Bat Magic and Folklore

Hanging upside down, a flying fox smiles

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In many parts of the world, once the sun begins to set, bats emerge from their resting places and zoom around outdoors, hunting for sustenance. During the Samhain season, in particular, we tend to see an abundance of decorative bats, ranging from cute to scary. The legends and myths surrounding these nocturnal flyers associated bats with Samhain and Halloween over time.

Did You Know?

  • Bats bounce sounds off their surroundings, and this allows them to fly in completely dark conditions.
  • From a magical standpoint, bats are associated with workings related to death and dying, communication, and the spirit world.
  • Bats are associated, in many cultures, with death and dying, which makes them a perfect representative of Samhain, the time when the veil is thin.

Bats in Myth and Legend

fruit bat in flight (high resolution file)
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In ancient Rome, there was a collection of fables, much like those of Aesop, collected by a writer named Phaedrus. One of these stories, “The Birds and the Bat,” tells of a bat trying to avoid getting involved in the battle between land animals and birds. The bat, savvy thing that he is, sits on the sidelines, neutrally observing, until he knows which side is the winning one. The god Mars declares that birds are in fact the victor, so that is where the bat chooses to cast his allegiance, rejecting the animals of the land. Of note, the bat is in fact a mammal, as far as scientists are concerned, and not a bird at all.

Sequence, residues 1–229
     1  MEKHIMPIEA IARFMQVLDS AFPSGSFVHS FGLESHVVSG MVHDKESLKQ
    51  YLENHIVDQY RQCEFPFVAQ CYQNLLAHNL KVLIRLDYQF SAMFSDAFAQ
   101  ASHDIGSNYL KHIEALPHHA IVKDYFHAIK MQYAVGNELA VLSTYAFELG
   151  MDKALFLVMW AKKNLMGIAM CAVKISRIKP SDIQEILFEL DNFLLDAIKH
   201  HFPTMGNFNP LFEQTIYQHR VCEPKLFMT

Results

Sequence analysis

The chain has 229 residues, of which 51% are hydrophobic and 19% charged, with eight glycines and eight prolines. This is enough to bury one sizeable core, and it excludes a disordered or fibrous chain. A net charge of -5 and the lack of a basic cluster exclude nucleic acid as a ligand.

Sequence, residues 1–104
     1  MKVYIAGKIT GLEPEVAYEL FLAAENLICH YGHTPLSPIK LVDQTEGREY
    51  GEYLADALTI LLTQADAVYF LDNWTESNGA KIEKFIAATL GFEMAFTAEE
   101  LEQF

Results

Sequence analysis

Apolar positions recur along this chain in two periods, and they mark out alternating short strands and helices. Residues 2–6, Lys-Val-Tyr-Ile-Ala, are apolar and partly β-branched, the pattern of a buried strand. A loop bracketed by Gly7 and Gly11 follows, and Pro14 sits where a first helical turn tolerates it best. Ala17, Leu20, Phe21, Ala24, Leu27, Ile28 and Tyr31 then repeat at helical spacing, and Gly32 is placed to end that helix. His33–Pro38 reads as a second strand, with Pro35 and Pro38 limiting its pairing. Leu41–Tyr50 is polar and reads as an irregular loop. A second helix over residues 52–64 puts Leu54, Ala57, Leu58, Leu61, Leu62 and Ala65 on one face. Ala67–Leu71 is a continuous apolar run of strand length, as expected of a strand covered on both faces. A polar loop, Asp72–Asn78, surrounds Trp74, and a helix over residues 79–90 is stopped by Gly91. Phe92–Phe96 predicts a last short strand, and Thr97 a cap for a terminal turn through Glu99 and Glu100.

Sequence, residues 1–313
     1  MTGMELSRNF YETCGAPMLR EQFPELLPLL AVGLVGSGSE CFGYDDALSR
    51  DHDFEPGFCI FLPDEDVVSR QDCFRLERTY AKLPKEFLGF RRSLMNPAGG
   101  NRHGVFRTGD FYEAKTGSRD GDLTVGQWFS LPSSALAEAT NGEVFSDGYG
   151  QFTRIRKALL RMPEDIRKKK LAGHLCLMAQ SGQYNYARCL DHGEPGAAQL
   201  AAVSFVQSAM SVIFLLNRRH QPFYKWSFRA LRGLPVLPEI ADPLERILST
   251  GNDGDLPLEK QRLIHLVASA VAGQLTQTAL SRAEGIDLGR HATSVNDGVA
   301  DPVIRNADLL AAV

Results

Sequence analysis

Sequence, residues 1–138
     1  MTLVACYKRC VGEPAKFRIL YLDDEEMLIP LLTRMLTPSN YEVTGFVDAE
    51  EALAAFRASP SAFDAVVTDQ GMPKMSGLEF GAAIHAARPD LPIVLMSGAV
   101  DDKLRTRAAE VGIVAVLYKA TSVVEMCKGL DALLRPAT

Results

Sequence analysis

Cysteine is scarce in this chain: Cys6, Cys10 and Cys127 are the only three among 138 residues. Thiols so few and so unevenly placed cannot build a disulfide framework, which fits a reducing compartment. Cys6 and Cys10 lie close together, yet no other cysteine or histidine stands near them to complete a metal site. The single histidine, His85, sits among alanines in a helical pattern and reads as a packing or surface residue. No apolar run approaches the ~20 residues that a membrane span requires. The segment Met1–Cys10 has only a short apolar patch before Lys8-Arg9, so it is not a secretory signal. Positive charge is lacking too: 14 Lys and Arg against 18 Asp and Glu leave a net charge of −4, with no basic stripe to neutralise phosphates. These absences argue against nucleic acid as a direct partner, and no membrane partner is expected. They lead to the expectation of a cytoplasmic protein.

During the Middle Ages, residents of western Europe and England believed that bats spread disease. This is most likely because of the bat’s similarity to the rat, which was usually blamed for the spread of plague. Because many people believed in witchcraft during this time, the bat was associated with witches, dark magic, sorcery, and even talking to the dead. People in rural Scotland and northern England suspected bats of being messengers between witches and the devil.

Centuries later, during the Victorian era, Bram Stoker wrote Dracula, which combined mysterious bats with a shape-shifting vampire. As much a morality tale as it is a horror story, Dracula features a title character who turns himself into a bat after sucking the blood of his helpless victims, often virginal young women on the cusp of sexual awakening. Dr. Elizabeth Miller of the Florida Bat Conservation Center writes that Stoker was inspired, while writing his classic, by a newspaper article, in which a victim was allegedly drained of blood by a vampire bat. As Dr. Miller points out, however, vampire bats are pretty small, a fact which Stoker conveniently ignored.

While Europeans were busy associating bats with witches and dark magic, the Mayans celebrated a god named Camazotz. He was a monstrous creature with the head and wings of a bat and the body of a man, and was associated with human sacrifice. For explorers like Cortez and his conquistadors, with European heritage and background, a bat god like Camazotz would have been terrifying.